The needs of the living world and the preservation of the ecological equilibrium are of fundamental importance – of such vital significance that their organisation and care should not be left to politicians, technocrats and legislators whose competence and legitimacy in such domains are severely limited.
The political decision-makers are advised by “experts”, but these experts are frequently linked to the industrial lobbies and are entrenched in the paradigm of the currently dominant “conventional methods”. For these reasons, their motivations often diverge from the common, collective interests of the population at large. In addition, the “experts” often have an extremely specialised, narrowly focused field of expertise which doesn’t take into sufficient account the big picture and the real-world implications of the questions; common sense; simplicity; efficacy and economic value for money from the user/consumer’s perspective. In essence, the “official expert” is by training and by experience a stranger to alternatives to the conventional paradigm in which (s)he works and is not equipped to be able to master and judge these alternatives adequately.
However, coherent alternative solutions which are well adapted to the problems of today and the future do exist, though they are being systematically eliminated by the legislative frameworks put in place by the National and EC authorities in recent times. This is because, by definition, an “alternative” is a method which is different from the “conventional” or “official” methods and therefore will not fit into the administrative framework which has been created for the latter “authorised” methods, practices and products.
Wide-ranging and in-depth consultations between groups, organisations, associations and unions representing the professionals on the ground and the public at large need to be instigated and supported. Communication links should be forged to ensure that the subjects of food production and health can be discussed in such a way as to combine the practical possibilities of the professions concerned and the needs of the consumers and users – in order to integrate the demands of society into the evolution of principles and practices in agriculture and health care – demands which are very clear and of vital importance in the context of the living world. In the European Union this open and widespread consultation is currently inexistant or ignored by the political decision-makers. The lobbies representing such public associations and citizens’ action groups have little power and very limited financial means when compared with those supporting the interests of multinational industrial companies.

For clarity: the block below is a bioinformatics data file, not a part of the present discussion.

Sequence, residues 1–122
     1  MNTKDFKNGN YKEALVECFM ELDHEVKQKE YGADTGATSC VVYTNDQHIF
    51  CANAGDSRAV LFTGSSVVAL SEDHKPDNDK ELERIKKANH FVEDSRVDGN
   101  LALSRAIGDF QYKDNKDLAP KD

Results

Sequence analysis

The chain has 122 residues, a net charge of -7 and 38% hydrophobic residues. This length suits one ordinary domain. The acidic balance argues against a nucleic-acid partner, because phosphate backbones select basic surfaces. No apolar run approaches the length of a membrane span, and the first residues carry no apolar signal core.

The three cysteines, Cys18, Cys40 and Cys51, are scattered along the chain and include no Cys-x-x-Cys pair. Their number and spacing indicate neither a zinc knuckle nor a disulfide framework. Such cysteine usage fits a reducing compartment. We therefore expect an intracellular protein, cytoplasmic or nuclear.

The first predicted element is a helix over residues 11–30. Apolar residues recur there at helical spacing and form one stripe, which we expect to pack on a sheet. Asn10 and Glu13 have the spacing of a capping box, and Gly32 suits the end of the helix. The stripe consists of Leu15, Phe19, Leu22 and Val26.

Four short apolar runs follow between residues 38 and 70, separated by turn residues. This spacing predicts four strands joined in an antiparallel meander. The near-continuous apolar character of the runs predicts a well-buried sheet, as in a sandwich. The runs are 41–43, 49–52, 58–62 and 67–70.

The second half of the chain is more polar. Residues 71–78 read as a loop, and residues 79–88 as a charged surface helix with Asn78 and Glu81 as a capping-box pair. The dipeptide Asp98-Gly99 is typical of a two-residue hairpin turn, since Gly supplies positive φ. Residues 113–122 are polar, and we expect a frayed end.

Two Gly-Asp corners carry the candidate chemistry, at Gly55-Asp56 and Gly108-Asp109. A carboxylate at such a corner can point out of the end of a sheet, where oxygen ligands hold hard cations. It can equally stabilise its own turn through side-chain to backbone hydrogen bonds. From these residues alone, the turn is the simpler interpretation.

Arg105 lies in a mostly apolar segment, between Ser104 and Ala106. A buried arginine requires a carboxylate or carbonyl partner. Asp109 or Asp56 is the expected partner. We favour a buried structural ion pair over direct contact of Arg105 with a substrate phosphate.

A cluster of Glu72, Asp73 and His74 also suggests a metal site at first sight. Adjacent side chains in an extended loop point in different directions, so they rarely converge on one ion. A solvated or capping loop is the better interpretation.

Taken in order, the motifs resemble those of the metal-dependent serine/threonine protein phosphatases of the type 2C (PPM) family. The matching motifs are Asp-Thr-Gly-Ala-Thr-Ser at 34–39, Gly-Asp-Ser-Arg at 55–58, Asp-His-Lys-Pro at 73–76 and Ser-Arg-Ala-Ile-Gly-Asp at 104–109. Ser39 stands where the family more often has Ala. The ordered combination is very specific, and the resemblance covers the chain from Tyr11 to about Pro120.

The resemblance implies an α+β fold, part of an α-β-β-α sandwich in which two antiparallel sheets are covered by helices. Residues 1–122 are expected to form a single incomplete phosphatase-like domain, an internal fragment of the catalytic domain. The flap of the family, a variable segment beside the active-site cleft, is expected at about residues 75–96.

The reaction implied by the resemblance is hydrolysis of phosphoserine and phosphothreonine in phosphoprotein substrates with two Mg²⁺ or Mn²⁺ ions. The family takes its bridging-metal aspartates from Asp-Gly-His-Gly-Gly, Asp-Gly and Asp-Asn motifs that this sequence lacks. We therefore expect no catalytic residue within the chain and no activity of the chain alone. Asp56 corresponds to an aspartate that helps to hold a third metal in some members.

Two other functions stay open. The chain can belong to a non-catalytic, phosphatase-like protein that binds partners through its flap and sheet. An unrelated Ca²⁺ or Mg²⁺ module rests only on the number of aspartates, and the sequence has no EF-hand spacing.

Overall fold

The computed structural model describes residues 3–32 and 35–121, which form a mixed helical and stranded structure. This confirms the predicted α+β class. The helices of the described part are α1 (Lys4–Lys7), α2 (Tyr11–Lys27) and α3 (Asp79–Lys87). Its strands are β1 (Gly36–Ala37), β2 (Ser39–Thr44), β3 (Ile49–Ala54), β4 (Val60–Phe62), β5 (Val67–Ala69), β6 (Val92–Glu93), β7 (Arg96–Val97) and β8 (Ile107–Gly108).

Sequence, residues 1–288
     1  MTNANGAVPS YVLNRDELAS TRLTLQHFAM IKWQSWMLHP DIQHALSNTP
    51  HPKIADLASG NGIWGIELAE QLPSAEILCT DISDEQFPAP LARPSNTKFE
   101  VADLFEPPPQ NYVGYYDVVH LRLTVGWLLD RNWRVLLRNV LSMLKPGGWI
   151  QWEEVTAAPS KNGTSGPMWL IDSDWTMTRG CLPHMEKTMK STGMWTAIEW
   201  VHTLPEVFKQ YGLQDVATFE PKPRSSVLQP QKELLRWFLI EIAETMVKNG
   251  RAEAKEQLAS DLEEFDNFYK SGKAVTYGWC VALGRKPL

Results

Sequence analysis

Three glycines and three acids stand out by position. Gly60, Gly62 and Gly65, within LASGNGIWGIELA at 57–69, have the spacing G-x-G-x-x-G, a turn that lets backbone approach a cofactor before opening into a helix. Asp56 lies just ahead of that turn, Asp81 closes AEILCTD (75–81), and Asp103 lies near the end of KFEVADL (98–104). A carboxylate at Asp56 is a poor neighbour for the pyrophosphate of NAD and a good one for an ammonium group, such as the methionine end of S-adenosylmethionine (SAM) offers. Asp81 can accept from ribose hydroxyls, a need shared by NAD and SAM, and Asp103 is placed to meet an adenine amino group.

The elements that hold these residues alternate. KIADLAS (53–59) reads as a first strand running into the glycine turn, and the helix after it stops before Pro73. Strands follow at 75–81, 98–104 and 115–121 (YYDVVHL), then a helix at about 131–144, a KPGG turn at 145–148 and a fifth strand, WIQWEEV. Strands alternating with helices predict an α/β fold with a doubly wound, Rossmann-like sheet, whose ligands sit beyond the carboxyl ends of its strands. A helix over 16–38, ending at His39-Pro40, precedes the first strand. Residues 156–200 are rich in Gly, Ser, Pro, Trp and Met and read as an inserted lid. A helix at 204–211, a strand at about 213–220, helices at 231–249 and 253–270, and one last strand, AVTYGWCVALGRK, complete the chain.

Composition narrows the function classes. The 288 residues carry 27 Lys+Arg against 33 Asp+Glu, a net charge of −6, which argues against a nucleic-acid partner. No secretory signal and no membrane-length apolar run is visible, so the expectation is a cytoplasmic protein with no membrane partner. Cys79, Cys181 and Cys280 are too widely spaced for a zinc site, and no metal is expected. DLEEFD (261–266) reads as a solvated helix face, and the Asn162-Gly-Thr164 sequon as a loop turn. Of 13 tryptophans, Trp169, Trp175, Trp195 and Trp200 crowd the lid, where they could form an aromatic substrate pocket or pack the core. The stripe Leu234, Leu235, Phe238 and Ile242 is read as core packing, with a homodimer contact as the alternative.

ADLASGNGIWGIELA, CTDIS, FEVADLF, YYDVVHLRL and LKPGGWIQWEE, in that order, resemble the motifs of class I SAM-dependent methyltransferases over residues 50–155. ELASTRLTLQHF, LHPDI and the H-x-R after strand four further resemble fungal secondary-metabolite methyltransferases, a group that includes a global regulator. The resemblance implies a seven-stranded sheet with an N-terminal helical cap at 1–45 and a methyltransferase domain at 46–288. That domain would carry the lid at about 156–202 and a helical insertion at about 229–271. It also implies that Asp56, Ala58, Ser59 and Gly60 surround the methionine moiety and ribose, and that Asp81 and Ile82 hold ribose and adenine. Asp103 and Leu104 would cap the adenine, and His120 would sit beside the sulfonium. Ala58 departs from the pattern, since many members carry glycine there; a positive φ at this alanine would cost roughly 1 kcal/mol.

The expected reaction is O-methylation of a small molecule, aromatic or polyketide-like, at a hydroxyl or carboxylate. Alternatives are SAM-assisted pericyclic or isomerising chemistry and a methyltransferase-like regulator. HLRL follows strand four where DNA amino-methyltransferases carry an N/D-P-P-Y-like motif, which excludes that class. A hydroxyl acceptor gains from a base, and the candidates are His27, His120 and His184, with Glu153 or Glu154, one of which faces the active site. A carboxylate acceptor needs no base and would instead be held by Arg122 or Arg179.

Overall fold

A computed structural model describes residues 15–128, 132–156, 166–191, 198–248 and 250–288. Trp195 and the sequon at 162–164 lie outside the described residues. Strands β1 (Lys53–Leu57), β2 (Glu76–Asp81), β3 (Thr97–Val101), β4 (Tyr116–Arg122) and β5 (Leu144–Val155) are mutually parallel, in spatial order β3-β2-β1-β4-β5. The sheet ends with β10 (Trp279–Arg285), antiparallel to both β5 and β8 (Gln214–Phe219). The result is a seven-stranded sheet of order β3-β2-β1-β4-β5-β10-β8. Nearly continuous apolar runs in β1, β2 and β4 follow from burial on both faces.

The majority of politicians are regularly criticised by the public and by professionals of many sectors for their lack of medium and long-term vision. Their preoccupations seem to be orientated primarily around opinion polls and the next election. Their judgement is strongly influenced by the most powerful industrial and financial lobbies with whom they often have very close relations and from whom they frequently receive financial support for their party’s political activity.
The demands of society, the biological and ecological needs of the natural world are taken into account only, at best, as secondary considerations – the priority of the political powers being the support of the industrial and economic activity which appears to them primordial, and the respect of the legal regulations of international business which have been engineered by the legal teams of these same multinationals and built into the legislative framework for their exclusive benefit.